2004) (internal citation and quotation marks omitted); accord Hamilton v. McAuliffe, 277 Md.
336, 339 (1976).
Pulte relies on Davis v. State, 183 Md. 385 (1944) and Porcelain Enamel & Mfg. Co. of
Balitmore v. Jeffrey, 177 Md. 677 (1940)—each of which pre-date the 1945 amendment to the
Uniform Declaratory Judgment Act—in arguing that Plaintiffs cannot bring a declaratory action
in lieu of a breach of contract claim. But under the post-1945 “Concurrent Remedies” section,
Maryland’s Declaratory Judgement Act provides that:
A party may obtain a declaratory judgment or decree
notwithstanding a concurrent common-law, equitable, or
extraordinary legal remedy, whether or not recognized or regulated
Md. Code, Cts. & Jud. Procs. § 3-409(c).
Importantly, the purpose of this provision is to offer concurrent, not exclusive, remedies
under the Uniform Declaratory Judgments Act. Schultz v. Kaplan, 189 Md. 402, 407 (1947)
(quoted extensively in Allied Inv. Corp. v. Jasen, 354 Md. 547, 557 n.2 (1999)). Plaintiffs’
possible breach of contract claim, therefore, does not defeat their right to seek and obtain a
declaratory judgment. See Allied Inv., 354 Md. at 556 (citing Md. Code Ann., Cts. & Jud. Proc. §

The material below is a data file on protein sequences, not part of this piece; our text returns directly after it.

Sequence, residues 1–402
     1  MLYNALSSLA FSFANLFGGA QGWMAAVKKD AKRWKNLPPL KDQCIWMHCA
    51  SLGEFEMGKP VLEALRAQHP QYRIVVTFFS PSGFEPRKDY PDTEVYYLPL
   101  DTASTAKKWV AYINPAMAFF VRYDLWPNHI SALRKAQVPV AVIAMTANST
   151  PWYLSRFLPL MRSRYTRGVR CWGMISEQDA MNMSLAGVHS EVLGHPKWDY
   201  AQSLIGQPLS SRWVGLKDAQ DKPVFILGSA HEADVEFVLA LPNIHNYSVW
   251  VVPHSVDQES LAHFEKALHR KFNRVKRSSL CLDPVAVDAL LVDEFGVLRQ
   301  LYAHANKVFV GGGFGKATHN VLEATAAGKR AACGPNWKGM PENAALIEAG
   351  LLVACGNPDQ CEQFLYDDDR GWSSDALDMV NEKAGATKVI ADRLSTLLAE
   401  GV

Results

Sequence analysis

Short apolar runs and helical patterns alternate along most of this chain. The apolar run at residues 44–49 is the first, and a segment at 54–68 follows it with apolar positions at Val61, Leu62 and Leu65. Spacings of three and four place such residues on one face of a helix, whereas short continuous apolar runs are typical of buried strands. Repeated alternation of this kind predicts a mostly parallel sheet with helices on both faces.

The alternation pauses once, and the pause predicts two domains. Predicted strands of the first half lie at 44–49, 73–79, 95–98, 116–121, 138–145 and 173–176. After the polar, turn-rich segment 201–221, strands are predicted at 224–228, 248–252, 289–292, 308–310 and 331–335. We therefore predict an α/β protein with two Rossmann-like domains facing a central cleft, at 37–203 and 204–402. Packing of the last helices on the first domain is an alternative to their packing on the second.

3-409(c)) (“A party may obtain a declaratory judgment or decree notwithstanding a concurrent
common-law, equitable, or extraordinary legal remedy . . . .”); Post v. Bregman, 349 Md. 142,
160 (1998) (“The existence of another remedy, at law or in equity, does not ordinarily defeat a
party's right to seek and obtain a declaratory judgment.”) (citing Turner v. Manufacturers’ Cas.
Ins. Co., 206 Md. 601 (1955); Glorius v. Watkins, 203 Md. 546 (1954)); Gloyd v. Talbott, 221
Md. 179, 183 (1959) (“The existence of a remedy at law or in equity is not a bar to declaratory
relief.”); accord Polakoff v. Hampton, 148 Md. App. 13, 26 n.4 (2002) (“[T]he General
Assembly amended the Uniform Declaratory Judgments Act . . . to declare that the real intention
of the Act was that the existence of another adequate remedy at law or equity should not
preclude a judgment for declaratory relief.” (internal quotation marks omitted)).
Furthermore, Plaintiffs’ requested declaration that Pulte “is required pursuant to the terms
of the Agreement to pay Plaintiffs the sum equal to one-half the Agricultural Transfer Tax,